- Peat substrates
by Neil Frank <nfrank/mindspring.com> (Mon, 06 Apr 1998)
by Neil Frank <nfrank/mindspring.com>
Date: Mon, 06 Apr 1998
At 02:47 AM 4/6/98 -0700, Stephen Pushak wrote:
>> Oh yeah, Steve, how long does your substrate last? 2, 3
>> years? think I can stretch that if I start adding pmdd
>> when the plants start to show signs of deficiency?
>I suspect (but have no proof yet) that these kind of substrates will
>provide iron for many years based upon what Paul K has observed.
>Periodically I add some macro nutrients to the substrate with clay
>A more interesting question is will there be any accumulation of
>inhibitory compounds in the substrate after several months or years.
>Neil Frank has been keeping peat tanks for many years. Neil, how much
>peat do you use? How is it employed? what kind of peat do you use?
Yes, I use peat in the substrate of some of my tanks. The oldest still in
operation was set up in 1992 or so. I used a mix of peat and coarse sand in
the lower 1.5 inches covered by 0.5 inches of unwashed sand, then topped by
1 inch of washed sand. I would probably wash all the sand if I had the time
and energy. The peat is used straight out of the bag from the garden store.
This set up worked well for the plants I tried.... especially chain swords
(Echindorus tenellus). Ironically, crypts did not initially do as well as I
had hoped... but this may be due to the water being too soft. I had used
trace elements off and on during the early years, but the slow but steady
plant growth only seemed to demand the renewal of trace elements from water
changes and the peat. My tap water provides some iron... and without
removing detritus, the tank will eventually create its own. I can't say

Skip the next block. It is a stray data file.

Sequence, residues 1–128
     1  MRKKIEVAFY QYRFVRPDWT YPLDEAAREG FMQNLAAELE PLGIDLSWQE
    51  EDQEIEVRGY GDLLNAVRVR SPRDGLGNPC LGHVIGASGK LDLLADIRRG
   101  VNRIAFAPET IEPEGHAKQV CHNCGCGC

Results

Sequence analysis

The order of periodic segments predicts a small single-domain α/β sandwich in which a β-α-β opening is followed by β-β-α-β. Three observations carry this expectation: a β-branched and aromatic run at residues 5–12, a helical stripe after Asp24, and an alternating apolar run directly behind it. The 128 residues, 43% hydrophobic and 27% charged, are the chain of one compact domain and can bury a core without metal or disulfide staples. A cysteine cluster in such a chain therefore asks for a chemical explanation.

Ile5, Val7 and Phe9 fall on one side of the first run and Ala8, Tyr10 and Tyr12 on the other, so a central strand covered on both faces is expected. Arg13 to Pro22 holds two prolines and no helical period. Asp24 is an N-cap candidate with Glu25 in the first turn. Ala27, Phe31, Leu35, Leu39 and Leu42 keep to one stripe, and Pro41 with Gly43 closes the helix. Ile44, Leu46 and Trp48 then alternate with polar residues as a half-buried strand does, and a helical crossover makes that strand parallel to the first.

whether decomposed peat will or will not be another source. [BTW, I only
use two 40w bulbs over this 70 gallon tank. Even so, I pull out lots of
plants on a monthly basis. More light would speed up the plant growth and
might cause the system to slow down sooner].
Last year, I noticed a significant slow down in the plant growth. After
some trial and error experimenting, I finally concluded that the tank
became carbon deficient and started to inject CO2. I did considered
inhibitory substances, and allelopathic chemicals from some plants. My goal
was to get the chain swords to return to their previous growth... so I
removed most of the stem plants... no effect. It was the added CO2 that did
I probably could have figured this out more quickly if I took a pH
measurement! (Do as I say, not as I do!!) During the early years, the peat
substrate kept the pH in the low 6's. Now, without CO2 but regular water
changes, the pH would be in the mid 7's. The minimal CO2 injection brings
it back into the 6's (with soft water, not much CO2 is needed to make this
happen). After minimal CO2 was added, the good plant growth resumed. [Note:
I believe that the slow decomposition of the peat and the low pH of the
tank water had been providing adequate CO2 until the upper layers of peat
"lost its power".] As a side note, the crypts started to flourish during
the last few years... prior to CO2 injection, but continuing. I surmise
that they did not like the combination of new peat, very acidic substrate
and soft water (low calcium). You can see a picture of this tank in one of
Karen's earliest columns in AFM. This picture was taken around the time I
started to use CO2, but it is representative of what the tank also looked
like 12-18 months earlier.
I do not only use peat and do not necessarily recommend it. In other large
tanks, I use soil in pots. In small tanks, I use a thin layer of soil
covered by coarse sand. I started to experiment with soil and peat. This
combination should be fine. Peat is nice because for one or more years
(perhaps only with soft water), you can get nice plant growth without CO2
>Is there anyone else on the APD with peat experiences to relate (good or
It would be interesting to hear people's experiences with peat and hard
water (with and without CO2).
Aquatic Gardeners Association